The annual 500-mile race at Indianapolis was held last week. Even with rain delays, there was plenty of excitement and competition. That's the way it has been at Indy for almost a century; the Indianapolis Motor Speedway will mark its 100th anniversary in 2011. That will be quite a celebration.
Today, open-wheel racing in the United States is confusing to say the least. We still have the successor to CART, a spinoff of the Indianapolis 500 that is getting a new breath of life as the Champ Car series. And the Indy cars are campaigning around the country as the IRL, or Indy Racing League.
We can only hope that the two groups will come together for the benefit of race fans, sponsors and teams. But there is a large rift between them, and it doesn't seem as if it will be healed soon. Where is Judge Landis when we need him?
Meanwhile, the Indianapolis 500 is the jewel of racing in America and maybe the world.
The speedway now has the three most exciting races in the country.
The only Formula One race in the United States is just three weeks after the Indy 500, and that's followed by what is fast becoming one of the premier races on the NASCAR circuit, the Brickyard 400.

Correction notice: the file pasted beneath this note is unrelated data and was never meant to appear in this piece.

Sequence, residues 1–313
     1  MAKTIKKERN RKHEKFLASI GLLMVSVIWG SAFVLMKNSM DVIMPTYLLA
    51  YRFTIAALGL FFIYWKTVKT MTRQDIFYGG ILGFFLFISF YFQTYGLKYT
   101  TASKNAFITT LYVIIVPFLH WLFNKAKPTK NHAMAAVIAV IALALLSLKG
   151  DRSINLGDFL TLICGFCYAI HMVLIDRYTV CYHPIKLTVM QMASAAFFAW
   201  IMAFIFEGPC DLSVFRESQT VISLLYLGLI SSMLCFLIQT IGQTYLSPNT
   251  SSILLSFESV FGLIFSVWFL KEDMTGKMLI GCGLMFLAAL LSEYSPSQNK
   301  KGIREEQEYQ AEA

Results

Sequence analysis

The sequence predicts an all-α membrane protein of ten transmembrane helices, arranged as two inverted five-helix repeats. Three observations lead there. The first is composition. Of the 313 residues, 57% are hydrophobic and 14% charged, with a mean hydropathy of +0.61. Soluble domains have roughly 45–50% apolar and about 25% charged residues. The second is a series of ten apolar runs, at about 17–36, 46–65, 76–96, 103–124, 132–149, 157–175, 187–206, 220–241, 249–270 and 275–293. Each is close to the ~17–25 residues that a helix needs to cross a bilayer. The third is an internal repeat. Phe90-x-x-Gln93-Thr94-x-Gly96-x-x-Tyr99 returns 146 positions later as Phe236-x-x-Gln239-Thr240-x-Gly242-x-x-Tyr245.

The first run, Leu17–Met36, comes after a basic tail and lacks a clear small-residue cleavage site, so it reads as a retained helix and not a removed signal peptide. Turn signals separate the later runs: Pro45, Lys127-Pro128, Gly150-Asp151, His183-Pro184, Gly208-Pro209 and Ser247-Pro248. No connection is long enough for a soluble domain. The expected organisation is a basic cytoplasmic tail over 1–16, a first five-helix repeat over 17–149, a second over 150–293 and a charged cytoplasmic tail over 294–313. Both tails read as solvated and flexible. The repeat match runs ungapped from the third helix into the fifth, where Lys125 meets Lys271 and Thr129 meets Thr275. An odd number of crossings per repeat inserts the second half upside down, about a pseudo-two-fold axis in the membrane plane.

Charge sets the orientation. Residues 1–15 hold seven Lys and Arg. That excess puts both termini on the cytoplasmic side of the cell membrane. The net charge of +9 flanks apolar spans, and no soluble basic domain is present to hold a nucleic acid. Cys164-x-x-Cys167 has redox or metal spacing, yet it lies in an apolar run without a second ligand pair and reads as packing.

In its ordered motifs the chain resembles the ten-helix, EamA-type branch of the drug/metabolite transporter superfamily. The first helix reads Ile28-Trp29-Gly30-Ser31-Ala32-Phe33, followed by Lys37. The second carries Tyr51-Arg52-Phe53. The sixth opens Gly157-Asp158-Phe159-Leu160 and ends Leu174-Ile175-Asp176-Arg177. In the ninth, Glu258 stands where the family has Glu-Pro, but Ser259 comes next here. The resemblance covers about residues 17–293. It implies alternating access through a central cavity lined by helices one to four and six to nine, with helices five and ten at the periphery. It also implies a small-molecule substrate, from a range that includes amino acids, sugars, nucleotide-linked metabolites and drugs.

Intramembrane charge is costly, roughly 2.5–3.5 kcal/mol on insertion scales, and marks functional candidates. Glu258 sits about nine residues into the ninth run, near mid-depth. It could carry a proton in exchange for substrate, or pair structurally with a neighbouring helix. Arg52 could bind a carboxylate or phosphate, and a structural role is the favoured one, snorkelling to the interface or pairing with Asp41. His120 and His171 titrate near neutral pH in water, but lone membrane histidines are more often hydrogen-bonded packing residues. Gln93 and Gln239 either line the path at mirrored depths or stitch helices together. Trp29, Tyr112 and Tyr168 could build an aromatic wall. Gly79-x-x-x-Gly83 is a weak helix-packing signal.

No matter what other races are run at the speedway, the Indy 500 is still an amazing event that attracts sponsors, automakers and fans from all over the world.
The competition has regained its stature, and the sponsors are excited to be part of this event, which is televised worldwide. The best teams and drivers compete at Indianapolis.
The challenge for each series is to add some of the same excitement to the rest of the 30 or so open-wheel races that are held each year.
Even with all the controversy, it is remarkable to see the involvement by auto companies and suppliers at Indy.
It still must be the premier racing event for companies such as Honda - its engines dominated this year's race - and Toyota and Chevrolet. And there are plenty of suppliers such as Delphi that take advantage of the history and popularity of the event.
Hopefully there will be some success in getting the two open-wheel series back together. But, regardless of the outcome, the Indianapolis 500 still deserves the moniker of the greatest spectacle in racing.